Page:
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Heat advisories span state
Elderly, young especially vulnerable
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DECATUR — It was 9:45 a.m. on Tuesday and Rafael Gonzalez had already worked up a sweat, wrestling to start a weed trimmer alongside a busy highway just east of Atlanta.
He knew his day would just get hotter. But when told temperatures in the Atlanta area are expected to top out at about 100 degrees every day for the rest of the week, he just shook his head and whistled through his teeth.
“I’ve got to work. This is what I do,” said Gonzalez, who said he expected to put in about 10 hours Tuesday working for a landscaping company. “You just do it.”
Much of Georgia was under a heat advisory Tuesday, with the National Weather Service predicting a high of 99 degrees for the Atlanta area. If it bumps up to 100, it would mark the first time metro-area thermometers have hit triple digits in seven years.
In Savannah, temperatures also were forecast to soar as high as 99 degrees Tuesday, but with even more stifling humidity that could drive the heat index up to 115 degrees.
The coastal Georgia city was flirting with breaking a record 100 degrees set on Aug. 7, 1899.
“We could definitely tie the record or possibly even break it,” said Bob Bright, a meteorologist for the National Weather Service in Charleston, S.C., which also monitors Savannah.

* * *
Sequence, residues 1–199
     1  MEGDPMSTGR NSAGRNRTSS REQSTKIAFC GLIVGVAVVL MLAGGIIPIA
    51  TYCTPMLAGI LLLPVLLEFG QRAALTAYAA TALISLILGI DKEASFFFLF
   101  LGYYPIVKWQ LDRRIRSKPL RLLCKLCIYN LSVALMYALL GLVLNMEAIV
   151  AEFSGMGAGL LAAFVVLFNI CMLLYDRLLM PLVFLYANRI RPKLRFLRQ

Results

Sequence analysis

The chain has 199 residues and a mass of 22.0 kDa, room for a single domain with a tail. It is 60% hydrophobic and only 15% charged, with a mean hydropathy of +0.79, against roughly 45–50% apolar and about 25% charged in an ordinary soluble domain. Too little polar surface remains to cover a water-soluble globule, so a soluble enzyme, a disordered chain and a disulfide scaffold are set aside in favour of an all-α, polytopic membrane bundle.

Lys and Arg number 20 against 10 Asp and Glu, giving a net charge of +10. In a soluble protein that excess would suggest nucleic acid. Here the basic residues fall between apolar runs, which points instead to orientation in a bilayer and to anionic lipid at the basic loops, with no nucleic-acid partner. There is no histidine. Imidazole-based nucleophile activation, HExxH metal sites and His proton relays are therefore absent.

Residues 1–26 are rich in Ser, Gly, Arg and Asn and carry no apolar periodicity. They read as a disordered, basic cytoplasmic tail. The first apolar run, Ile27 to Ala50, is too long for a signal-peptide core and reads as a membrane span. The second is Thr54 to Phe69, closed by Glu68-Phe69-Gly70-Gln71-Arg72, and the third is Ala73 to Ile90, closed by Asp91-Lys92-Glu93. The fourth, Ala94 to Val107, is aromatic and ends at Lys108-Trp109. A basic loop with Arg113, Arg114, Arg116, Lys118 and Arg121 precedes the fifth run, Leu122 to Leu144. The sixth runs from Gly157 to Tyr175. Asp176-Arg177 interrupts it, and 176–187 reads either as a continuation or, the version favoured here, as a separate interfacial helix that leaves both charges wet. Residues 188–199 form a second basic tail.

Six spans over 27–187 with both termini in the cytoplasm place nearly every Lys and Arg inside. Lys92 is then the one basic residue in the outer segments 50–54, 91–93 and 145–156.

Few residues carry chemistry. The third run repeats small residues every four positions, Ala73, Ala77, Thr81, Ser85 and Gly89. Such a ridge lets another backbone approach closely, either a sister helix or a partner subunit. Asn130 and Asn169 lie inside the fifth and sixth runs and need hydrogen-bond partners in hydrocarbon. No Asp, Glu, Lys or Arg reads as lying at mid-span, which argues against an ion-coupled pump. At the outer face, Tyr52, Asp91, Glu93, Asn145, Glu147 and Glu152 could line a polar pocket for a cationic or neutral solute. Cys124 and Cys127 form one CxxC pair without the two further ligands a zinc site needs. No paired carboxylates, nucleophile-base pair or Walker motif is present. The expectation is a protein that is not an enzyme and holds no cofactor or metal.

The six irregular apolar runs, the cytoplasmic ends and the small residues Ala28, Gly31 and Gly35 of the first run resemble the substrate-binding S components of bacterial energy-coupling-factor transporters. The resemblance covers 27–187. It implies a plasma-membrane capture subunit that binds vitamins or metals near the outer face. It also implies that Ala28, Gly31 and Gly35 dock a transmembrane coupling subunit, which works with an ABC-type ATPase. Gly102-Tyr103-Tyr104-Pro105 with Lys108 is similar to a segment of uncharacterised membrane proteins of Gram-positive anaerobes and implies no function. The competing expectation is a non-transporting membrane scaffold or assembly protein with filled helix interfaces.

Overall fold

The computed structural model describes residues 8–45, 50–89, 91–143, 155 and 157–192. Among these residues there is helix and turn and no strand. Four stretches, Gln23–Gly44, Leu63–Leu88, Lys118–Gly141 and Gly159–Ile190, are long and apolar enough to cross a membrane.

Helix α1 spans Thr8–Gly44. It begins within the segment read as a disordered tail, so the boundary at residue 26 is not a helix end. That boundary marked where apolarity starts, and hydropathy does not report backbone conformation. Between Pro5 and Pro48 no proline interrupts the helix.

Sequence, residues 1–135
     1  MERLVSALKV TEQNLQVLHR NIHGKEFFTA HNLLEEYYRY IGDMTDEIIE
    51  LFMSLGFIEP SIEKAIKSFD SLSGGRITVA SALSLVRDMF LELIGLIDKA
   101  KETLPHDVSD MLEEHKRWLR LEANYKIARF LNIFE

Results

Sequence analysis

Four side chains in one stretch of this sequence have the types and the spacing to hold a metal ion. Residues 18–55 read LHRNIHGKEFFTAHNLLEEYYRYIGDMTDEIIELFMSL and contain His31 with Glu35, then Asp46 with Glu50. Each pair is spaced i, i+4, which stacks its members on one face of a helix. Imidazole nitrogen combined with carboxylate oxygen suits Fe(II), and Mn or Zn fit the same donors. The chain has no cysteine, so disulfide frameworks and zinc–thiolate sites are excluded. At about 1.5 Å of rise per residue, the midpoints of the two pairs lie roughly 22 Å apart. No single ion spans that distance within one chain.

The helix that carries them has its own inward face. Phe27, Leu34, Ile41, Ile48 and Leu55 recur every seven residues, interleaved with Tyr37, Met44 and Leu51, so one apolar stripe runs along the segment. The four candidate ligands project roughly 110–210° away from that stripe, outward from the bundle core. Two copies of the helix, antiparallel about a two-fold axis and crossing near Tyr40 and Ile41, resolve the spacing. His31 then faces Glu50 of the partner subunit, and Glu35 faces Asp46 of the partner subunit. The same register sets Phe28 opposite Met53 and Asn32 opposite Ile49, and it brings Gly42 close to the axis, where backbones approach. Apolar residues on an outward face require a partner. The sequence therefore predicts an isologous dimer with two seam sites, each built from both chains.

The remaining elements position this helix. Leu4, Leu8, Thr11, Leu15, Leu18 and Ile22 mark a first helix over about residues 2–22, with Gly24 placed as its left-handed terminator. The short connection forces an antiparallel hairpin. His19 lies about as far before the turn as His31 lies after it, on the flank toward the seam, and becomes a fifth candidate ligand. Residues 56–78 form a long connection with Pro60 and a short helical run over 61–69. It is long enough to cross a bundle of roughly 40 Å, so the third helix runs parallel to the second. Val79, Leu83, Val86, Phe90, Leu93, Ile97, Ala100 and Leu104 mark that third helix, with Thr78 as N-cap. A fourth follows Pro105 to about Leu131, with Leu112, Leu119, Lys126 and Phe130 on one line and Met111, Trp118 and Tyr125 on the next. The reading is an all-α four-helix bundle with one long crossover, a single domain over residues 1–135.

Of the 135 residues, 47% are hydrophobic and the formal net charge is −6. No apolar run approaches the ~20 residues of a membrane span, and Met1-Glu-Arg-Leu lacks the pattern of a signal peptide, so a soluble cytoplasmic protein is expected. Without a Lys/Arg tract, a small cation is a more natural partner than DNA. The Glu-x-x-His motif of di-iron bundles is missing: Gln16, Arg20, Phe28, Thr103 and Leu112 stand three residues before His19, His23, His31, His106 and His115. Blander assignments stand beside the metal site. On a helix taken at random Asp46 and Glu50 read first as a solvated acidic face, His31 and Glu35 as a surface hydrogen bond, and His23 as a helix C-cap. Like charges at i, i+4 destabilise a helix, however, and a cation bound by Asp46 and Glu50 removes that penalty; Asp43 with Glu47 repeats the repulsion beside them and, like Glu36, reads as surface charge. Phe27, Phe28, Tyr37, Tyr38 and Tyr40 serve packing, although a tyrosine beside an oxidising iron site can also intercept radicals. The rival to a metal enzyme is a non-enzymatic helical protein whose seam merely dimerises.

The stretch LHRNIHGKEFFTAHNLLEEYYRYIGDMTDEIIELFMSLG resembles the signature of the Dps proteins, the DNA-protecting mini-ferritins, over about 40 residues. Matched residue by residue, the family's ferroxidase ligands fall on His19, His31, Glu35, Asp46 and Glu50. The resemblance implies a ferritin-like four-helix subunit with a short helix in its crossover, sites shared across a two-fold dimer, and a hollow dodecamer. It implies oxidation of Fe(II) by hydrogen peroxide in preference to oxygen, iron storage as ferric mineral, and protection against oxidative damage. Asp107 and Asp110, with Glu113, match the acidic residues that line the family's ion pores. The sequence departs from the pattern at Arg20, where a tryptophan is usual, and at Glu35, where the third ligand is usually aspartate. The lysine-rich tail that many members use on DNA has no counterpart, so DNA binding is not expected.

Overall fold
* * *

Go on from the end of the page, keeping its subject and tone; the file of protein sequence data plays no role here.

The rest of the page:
Bright said Savannah-area residents should brace themselves for blistering temperatures the rest of the week. Highs were predicted to stay in the mid-90s through Saturday.
National Weather Service meteorologist Matt Sena in Peachtree City said Atlanta’s heat index likely would top 105 degrees, triggering a heat advisory that urges people to stay inside, drink plenty of fluids, and check on elderly neighbors, relatives and pets.
Much of south and central Georgia was expected to be under an extreme heat advisory, meaning the temperature and humidity could be dangerous to almost everyone.
And in case Atlanta’s weather wasn’t stifling enough, the federal Environmental Protection Agency issued a code red warning for air quality on Tuesday, meaning children and people with lung disease should limit their outdoor activity because of smog and other pollutants in the air.
Sena said scattered showers might bring a little relief in the afternoons this week, but they will be few and far in between.
In a parking lot down the street from Gonzalez, Rodney Holder of Decatur was waiting Tuesday morning to meet a customer of his used car company. Wearing an un-salesmanlike T-shirt with the sleeves cut off, Holder said sales sometimes dip when the weather gets this hot.
“There’s a lot of people just trying to stay cool,” said Holder, who expected to be outside at a car auction for most of the day. “It doesn’t bother me, though. You’ve just got to drink a lot of water.”
At Glenlake Park, a three-man city of Decatur crew worked in long-sleeve, orange shirts meant to keep poison ivy off of their arms as they mowed and weeded 17 acres.
Deon Wyche of Atlanta said the team started work at 6:30 a.m. to try to avoid the day’s worst heat. He said they were taking plenty of breaks, hopping into a work truck to enjoy brief blasts of air conditioning and looking forward to their 3 p.m. quitting time.
“That’s when I go home, take a shower and just lay back,” he said.

Associated Press reporters Russ Bynum in Savannah and Giovanna Dell’Orto in Atlanta contributed to this report.
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